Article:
Organised business has made an aggressive intervention into the highly sensitive debate on South Africa’s public sector wage bill, arguing that payroll costs are too high, rising too quickly and are not being supported by commensurate productivity gains.
Business is, thus, calling for an urgent downward adjustment to government’s payroll in order to avoid a fiscal debt crisis, which it argues has the potential to trigger a full-blown financial crisis.
The intervention has been made in the form of a research report commissioned by Business Unity South Africa (Busa) and conducted by Intellidex.
Busa CEO Cas Coovadia said the research had been undertaken in an effort to stimulate a data-driven debate on the matter, which Finance Minister Tito Mboweni described in his recent Medium-Term Budget Policy Statement speech as an area in need of a “new consensus”.
“Over the past five years, public sector employee compensation grew by 7.2% a year on average – well above inflation. Over the next five years, it will need to grow much, much slower,” Mboweni averred.
Government is proposing growth in the public-service wage bill of 1.8% in the current year and average yearly growth of 0.8% for the coming three years. To achieve the target, government has, controversially, not implemented the third year of the 2018 wage agreement and was proposing a wage freeze for the next three years.
Public sector unions are strongly opposing government’s attempts at not implementing the final year of the wage agreement and some have described the proposed wage freeze as a “declaration of war”.
The Busa-commissioned report calculates that compensation spending increased from R154-billion in 2006/7 to R518-billion in 2018/19.
“This is a 78% inflation-adjusted increase, while increases in headcount went up by 22%. Payroll costs have increased by a compound average of 10.5% since 2006/7, compared to average growth of nominal gross domestic product (GDP) of 8.2%.”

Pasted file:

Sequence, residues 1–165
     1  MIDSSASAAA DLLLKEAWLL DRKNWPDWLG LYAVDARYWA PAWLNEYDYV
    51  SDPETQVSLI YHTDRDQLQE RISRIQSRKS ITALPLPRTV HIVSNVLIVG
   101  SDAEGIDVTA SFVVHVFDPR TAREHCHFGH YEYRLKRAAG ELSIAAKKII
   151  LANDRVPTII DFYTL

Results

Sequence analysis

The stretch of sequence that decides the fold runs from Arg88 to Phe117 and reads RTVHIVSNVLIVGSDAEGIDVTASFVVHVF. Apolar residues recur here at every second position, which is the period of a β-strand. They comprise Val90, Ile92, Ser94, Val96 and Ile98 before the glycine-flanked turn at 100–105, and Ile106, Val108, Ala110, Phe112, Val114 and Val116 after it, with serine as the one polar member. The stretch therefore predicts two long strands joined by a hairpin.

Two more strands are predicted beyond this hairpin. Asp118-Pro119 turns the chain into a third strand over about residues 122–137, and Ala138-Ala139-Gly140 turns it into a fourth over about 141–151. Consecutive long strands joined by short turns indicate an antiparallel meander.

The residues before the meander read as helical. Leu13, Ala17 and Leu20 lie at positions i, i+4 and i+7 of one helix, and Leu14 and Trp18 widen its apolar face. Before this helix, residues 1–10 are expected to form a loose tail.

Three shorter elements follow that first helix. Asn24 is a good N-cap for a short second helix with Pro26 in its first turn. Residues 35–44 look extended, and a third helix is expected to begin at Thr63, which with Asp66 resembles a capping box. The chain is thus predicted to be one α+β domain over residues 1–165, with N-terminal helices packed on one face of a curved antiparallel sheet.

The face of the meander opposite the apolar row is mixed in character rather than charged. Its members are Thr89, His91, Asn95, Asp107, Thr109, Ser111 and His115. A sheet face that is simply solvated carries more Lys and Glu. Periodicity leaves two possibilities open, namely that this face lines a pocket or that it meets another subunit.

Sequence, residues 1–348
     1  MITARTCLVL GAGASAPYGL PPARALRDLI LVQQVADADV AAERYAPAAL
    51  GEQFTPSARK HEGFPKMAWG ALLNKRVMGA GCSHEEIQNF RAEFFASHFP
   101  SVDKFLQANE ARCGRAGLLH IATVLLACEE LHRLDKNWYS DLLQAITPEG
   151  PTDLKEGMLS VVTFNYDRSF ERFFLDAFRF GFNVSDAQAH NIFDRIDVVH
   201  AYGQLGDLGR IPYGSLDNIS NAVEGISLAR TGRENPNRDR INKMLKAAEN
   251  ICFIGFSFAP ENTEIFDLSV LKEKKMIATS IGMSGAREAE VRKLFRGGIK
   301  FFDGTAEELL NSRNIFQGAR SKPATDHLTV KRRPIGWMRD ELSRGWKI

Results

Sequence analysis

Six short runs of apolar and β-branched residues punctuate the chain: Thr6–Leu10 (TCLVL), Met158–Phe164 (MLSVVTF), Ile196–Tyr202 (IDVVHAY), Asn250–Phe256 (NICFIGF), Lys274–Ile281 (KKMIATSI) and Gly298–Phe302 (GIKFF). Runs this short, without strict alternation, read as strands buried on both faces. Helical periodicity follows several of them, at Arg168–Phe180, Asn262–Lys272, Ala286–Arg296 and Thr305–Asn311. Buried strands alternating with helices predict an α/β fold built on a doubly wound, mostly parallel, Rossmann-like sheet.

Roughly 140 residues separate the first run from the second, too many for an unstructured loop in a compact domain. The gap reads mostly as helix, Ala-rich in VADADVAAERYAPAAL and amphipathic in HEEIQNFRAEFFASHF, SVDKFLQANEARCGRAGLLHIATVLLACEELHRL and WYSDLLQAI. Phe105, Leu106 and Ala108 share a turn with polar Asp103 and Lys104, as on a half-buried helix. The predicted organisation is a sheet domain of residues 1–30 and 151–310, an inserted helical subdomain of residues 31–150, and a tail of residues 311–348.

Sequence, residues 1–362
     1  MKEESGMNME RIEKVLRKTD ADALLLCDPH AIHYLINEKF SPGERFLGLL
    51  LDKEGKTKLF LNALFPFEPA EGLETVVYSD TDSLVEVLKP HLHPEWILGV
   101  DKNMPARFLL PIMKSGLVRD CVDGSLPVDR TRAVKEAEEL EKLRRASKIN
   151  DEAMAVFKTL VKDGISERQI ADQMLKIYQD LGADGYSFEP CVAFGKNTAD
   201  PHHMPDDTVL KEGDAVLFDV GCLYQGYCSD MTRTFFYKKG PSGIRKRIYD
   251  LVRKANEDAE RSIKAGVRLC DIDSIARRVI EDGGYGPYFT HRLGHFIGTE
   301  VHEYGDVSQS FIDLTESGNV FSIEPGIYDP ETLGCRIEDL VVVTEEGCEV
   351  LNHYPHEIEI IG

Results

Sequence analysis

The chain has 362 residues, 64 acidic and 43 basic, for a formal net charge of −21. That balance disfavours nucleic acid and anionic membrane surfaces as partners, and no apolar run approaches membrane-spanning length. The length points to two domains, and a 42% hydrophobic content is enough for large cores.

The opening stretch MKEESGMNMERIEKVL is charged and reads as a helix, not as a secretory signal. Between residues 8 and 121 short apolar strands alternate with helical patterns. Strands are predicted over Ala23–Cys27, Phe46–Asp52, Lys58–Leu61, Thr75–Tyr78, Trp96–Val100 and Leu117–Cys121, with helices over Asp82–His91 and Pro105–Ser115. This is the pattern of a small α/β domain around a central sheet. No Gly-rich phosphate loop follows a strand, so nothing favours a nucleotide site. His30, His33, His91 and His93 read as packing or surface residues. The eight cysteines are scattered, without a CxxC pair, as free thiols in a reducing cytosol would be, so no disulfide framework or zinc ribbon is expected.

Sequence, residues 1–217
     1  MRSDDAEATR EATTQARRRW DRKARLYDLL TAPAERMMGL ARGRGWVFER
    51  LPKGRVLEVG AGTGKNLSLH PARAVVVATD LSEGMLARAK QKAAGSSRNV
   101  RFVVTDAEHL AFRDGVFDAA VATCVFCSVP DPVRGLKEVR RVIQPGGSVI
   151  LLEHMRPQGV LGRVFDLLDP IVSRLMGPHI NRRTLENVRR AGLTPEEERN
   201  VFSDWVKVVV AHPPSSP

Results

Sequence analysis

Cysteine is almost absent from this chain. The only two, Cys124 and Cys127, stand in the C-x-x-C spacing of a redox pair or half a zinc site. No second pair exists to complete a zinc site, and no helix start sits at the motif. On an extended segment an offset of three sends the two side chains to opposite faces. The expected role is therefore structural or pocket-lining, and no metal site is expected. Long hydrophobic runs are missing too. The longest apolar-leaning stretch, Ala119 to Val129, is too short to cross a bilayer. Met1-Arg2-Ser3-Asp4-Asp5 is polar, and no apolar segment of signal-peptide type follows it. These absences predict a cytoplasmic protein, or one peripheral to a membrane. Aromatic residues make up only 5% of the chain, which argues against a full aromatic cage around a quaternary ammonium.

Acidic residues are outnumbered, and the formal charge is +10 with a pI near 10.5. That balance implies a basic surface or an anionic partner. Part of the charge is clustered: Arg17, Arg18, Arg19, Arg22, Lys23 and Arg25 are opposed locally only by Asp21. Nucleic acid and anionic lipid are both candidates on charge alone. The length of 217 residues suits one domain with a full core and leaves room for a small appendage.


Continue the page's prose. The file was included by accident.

The report also asserts that the average remuneration of public servants in South Africa is high by international standards and when compared to private sector employees and per capita GDP.
Its global comparison is based on an International Monetary Fund assessment of 46 countries, which shows that wages for ‘general government’ employees accounted for an average of 9.4% of GDP. “The figure for South Africa, for 2017, was 11.6%. This was in the top quarter of reported countries and is nearly 25% larger than the international average.”
The Busa-commissioned report argues that downward adjustments to the payroll can be made either by reducing wages, reducing headcount, or doing both.
It suggests, too, that South Africa needs a ‘social compact’ relating to the trajectory of public payroll costs with the aim of lowering these costs by 10.5% by 2025/26.
The report includes no offer from business to moderate executive remuneration during the period, a quid pro quo typically raised when wages are debated among the social partners.
Coovadia stressed that trade-offs from all social partners would be necessary to support the economic recovery, but stressed that business would be ready and willing to invest and create jobs once long-standing policy uncertainties had been fully addressed.
In the absence of “tough decisions”, including a decision to reduce the public sector wage bill to shore up fiscal sustainability, the prospects for an economic recovery would continue to be undermined.
He was strongly supported by Business Leadership South Africa CEO Busi Mavuso who argued that South Africa’s economic sovereignty was at stake.
“If we lose that [our sovereignty] it affects all social partners alike. If business doesn’t weigh in on this, unfortunately the investment drive that we are on is going to continue being illusive and definitely the economic growth that we want to attain as a country is going to continue being illusive, and that means that the jobs crisis that we are trying to solve as a country is not going to be attained,” Mavuso argued.